On October 12, 2020, a team of sappers from the Polish Navy swam out into the Piast Canal – determined to tackle the dormant bomb. Initially, the plan was to spend the first part of the five-day mission carefully preparing the explosive. Speaking to the press at the time, military spokesman Grzegorz Lewandowski explained, “It’s a very delicate job… The tiniest vibration could detonate the bomb.”
But why did the Polish Navy need to defuse the bomb at all? After all, plenty of leftover World War II explosives have simply been detonated in controlled situations and haven’t needed to be meticulously dismantled. But according to Lewandowsky, this was not an option in Świnoujście, due to the presence of a bridge less than a third of a mile from the Tallboy’s location.
So, the divers decided to use a technique called deflagration, which involves simply burning off the explosives without a detonation. By using a remote-controlled device to heat the bomb, they could render the Tallboy inactive without having to be anywhere near the weapon. This, of course, must have been somewhat reassuring. Experts were only 50 percent sure that the operation would be a success, according to the AFP.
As it turns out, they were right to err on the side of caution. On October 13, just one day after the operation began, the Tallboy exploded – sending a jet of water into the skies high above Świnoujście. And had any of the team been closer to the blast, they would likely have met with a violent end.
But despite the dramatic appearance of the explosion, experts insisted that the operation had been controlled. The following day, Lewandowski made an announcement on the Ministry of National Defence of the Republic of Poland’s Twitter account. It read, “The deflagration process turned into detonation. The object can be considered neutralized, it will no longer pose a threat to the Szczecin-Swinoujscie shipping channel.”
Around the same time, an unnamed spokesperson for the Polish military told CNN, “Every step of [the] operation was under control.” But what was the impact of exploding Wallis’ earthquake bomb in the middle of a built-up area? Surprisingly, reports claim that nobody was injured in the aftermath of the detonation.
There was also apparently no damage to infrastructure sustained during the explosion. And while online commenters speculated on the potential harm to marine life, there appeared to be no evidence of any ill effects springing from the incident. And before long, life in Świnoujście returned to normal.
Amazingly, this wasn’t the first time that a long-dormant Tallboy has reared its head long after the end of World War II. Back in January 1959, some 650 residents of Langscheid in West Germany were evacuated from their homes after an earthquake bomb was discovered at the bottom of a reservoir. Ironically, it was also the same organization that had dropped the explosive which was called upon to defuse it.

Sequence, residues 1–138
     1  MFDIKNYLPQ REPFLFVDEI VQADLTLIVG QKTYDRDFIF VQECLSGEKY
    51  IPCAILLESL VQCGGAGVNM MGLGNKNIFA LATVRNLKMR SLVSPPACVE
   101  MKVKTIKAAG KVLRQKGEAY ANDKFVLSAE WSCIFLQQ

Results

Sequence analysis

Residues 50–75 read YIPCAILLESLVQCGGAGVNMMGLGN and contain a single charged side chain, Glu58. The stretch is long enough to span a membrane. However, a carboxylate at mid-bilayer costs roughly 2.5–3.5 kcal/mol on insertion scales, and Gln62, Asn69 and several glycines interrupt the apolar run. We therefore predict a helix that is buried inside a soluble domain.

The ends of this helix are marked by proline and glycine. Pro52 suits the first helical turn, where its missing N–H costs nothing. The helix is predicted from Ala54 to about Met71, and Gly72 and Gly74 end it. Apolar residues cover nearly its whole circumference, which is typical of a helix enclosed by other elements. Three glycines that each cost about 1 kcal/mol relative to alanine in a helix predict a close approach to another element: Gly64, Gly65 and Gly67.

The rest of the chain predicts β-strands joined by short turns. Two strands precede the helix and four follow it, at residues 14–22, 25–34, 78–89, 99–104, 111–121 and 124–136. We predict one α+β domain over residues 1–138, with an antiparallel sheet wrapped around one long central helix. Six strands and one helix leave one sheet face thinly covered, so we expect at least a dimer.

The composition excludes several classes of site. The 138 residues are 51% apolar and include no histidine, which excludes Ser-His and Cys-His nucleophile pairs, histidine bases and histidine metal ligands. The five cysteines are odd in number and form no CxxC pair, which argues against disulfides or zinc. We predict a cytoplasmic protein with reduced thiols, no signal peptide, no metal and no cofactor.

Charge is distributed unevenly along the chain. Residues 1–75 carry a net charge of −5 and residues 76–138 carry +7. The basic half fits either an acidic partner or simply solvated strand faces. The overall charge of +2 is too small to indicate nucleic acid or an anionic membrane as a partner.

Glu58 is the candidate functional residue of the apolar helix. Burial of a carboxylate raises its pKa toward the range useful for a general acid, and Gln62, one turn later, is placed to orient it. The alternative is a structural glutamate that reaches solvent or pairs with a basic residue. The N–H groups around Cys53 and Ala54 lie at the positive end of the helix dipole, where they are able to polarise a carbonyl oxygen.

Fifteen years after the Royal Air Force unloaded the Tallboy over Germany’s Sorpe Dam, a British flight lieutenant helped to defuse it. And if reports are to be believed, he succeeded – this time without causing an explosion. At the time, it was one of the largest explosives ever tackled by any bomb disposal unit.
To date, the bombs found in Langscheid and Świnoujście are the only unexploded Tallboys to be unearthed. Yet the former battlegrounds of World War II are littered with leftover ordnance even today. Some of these devices have detonated dramatically over the years, though others may yet be lingering, undiscovered, beneath the ground.
On June 23, 2019, for example, residents of Limburg in Germany reported hearing a loud explosion during the night. And when they awoke, they saw that a huge crater had appeared in a nearby field. On closer inspection, it was revealed that an old World War II bomb had exploded – tearing a hole more than 30 feet across, according to the New Scientist.
Luckily, none of these incidents resulted in anything worse than a bad shock for those in the vicinity. But sometimes, things haven’t worked out quite so well. In 2014 construction workers in the German town of Euskirchen accidentally triggered a dormant World War II bomb. Sadly, one man tragically died in the explosion that followed.
But most of the time, thankfully, experts can successfully defuse bombs leftover from old conflicts. And it happens more often than you might think. As recently as 2019, for instance, some 2,000 people were cleared from the streets surrounding Paris’ Porte de la Chapelle train station while experts tackled a 75-year-old explosive. And in 2017 a device found at Frankfurt’s Goethe University prompted the relocation of 70,000 citizens in Germany’s biggest evacuation since World War II.
Luckily, it seems as if explosions like the one at Świnoujście are few and far between. But with hundreds of Tallboys dropped over Europe during World War II, can we really be sure that all of them are accounted for? Or might there be another deadly surprise just waiting to be discovered?